To cover this 185-km frontage sector extending from the Eastern Bank of the River Jamuna to the Western border of the mountainous Sylhet District and starting from the plains immediately South of the Khasi and Jaintia Hills on the Indian side; though the terrain had very few natural obstacles before reaching Dacca 160 km away, the Indian allocation of forces seemed to have been an afterthought! Considering the fact that the Pakistani deployment here was also light and they possessed no armour except in the Dacca area, this points to a serious ‘mistake’ by the Indian Army’s Military Operations Directorate and the HQ Eastern Army Command’s General Staff Branch. It is so obvious that the ‘Terrain Analysis’ and the ‘Intelligence Appreciation’ from the enemy’s perspective about the possible outcome of operations in this sector had not been properly done, as borne out by the actual course of operations. Ideally, the Indian Army should have assigned the following Groupings to this sector:

  • 1 x Mountain Division (-) – Preferably 27 Mountain Division.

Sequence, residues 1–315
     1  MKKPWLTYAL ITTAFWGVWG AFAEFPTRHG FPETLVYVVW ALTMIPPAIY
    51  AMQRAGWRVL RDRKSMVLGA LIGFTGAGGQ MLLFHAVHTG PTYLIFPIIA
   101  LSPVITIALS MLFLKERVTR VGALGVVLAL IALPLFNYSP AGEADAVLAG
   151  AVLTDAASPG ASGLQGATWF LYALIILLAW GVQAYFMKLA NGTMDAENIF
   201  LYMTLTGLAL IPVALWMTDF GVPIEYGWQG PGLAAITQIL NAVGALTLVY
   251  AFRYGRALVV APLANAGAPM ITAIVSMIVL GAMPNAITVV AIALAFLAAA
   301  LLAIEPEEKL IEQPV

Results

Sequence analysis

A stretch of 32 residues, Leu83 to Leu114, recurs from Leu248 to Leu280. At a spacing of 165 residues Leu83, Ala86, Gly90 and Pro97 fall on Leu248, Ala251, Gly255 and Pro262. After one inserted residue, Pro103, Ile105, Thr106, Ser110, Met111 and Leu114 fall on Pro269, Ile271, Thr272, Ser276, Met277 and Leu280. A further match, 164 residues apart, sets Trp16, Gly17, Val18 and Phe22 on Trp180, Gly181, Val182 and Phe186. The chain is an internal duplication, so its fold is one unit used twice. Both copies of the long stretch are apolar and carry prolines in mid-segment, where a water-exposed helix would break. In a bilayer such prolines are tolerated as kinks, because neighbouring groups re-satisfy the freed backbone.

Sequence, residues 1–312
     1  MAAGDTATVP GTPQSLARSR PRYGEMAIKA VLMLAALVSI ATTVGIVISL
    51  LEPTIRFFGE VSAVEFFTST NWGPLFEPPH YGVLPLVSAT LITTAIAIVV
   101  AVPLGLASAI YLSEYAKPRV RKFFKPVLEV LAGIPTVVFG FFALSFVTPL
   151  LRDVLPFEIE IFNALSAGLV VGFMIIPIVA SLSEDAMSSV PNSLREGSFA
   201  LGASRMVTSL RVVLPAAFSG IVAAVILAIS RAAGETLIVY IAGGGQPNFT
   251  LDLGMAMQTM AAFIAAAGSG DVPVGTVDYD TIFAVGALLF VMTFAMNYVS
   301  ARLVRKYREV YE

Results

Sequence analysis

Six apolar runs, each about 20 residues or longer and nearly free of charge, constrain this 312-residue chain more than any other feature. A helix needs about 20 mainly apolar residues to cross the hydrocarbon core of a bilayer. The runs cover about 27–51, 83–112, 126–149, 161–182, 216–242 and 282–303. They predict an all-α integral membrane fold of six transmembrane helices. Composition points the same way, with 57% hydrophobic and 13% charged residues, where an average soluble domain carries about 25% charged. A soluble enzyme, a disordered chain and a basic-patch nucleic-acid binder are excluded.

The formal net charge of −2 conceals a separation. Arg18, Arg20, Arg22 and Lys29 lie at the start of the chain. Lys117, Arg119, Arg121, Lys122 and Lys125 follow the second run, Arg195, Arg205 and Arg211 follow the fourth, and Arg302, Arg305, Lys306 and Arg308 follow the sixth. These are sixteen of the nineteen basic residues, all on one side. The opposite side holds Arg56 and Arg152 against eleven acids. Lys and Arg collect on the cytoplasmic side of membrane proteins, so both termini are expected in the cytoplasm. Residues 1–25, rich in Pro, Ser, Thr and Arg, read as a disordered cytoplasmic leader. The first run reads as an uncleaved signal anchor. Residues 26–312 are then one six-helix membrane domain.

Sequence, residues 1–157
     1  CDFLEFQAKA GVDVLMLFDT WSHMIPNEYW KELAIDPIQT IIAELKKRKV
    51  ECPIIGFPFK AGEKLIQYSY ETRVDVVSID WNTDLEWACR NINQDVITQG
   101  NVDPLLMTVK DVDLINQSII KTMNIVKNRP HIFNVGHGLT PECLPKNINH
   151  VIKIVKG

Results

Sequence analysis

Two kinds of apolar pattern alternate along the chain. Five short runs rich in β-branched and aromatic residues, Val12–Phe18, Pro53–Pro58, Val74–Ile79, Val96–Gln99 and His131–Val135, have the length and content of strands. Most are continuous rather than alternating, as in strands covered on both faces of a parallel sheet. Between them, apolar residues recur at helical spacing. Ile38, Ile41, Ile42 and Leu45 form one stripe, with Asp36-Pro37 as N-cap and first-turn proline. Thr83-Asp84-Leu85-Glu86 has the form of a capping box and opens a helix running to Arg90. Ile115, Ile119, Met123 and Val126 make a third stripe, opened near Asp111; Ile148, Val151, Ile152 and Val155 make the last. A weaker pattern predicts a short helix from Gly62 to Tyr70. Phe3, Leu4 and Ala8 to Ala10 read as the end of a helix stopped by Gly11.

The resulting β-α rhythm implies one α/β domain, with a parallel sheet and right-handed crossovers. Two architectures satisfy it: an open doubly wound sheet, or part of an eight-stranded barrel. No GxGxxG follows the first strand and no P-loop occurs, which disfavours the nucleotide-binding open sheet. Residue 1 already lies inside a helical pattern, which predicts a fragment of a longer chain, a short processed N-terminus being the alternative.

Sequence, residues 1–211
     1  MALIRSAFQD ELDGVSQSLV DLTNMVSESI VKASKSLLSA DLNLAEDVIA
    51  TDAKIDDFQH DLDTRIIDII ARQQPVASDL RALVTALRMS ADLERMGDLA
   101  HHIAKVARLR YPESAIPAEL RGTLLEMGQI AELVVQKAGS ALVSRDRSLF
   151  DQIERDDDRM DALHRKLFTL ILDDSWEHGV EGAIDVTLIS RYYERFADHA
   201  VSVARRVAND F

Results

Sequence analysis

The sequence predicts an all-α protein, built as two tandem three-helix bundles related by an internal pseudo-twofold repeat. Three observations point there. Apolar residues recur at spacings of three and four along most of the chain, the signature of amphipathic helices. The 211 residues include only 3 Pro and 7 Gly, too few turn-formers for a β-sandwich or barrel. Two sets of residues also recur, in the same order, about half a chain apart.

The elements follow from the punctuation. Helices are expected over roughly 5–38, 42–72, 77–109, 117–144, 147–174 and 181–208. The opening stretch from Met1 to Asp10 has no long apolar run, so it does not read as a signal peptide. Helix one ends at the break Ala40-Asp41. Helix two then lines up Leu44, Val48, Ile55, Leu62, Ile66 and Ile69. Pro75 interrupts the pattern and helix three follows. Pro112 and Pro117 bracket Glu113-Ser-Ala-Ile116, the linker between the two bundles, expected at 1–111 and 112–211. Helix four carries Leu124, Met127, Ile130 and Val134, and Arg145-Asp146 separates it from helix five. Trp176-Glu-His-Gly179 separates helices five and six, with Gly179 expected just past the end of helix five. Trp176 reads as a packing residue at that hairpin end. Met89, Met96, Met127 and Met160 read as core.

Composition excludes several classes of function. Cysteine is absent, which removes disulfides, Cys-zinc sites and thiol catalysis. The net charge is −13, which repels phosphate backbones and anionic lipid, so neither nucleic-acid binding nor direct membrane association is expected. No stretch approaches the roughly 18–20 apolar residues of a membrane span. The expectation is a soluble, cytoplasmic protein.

• 1 x (I) Infantry Brigade (-) – Possibly 50(I) Para Brigade Group.
  • 1 x (I) Squadron Armour.
  • 1 x (I) Composite Mechanised Reconnaissance Squadron.

Conduct of Operations

‘95 Mountain Brigade’ cleared the Pakistani Kamalpur Border Strongpoint on December 04, and reached the Brahmaputra River by December 07. This river was crossed on December 08 and Blocks established South of the Pakistani Jamalpur fortress. Two other infantry battalions were subsequently built up across the river and attacks launched on December 10. The Pakistani 93 Infantry Brigade which was putting up a stubborn fight at Jamalpur and Mymensingh was suddenly ordered by General Niazi on December 10 to withdraw and reinforce Dacca, following Indian heli-borne landings at Raipur/ Narsingdi and reports of in the international media that a major Indian para-drop operation near Dacca was in the offing. The para-drop of an Indian Battalion Group actually occurred near the Poongli Bridge short of Tangail on the evening of December 11. They successfully blocked the withdrawal of Pakistani 93 Infantry Brigade rear elements to Dacca.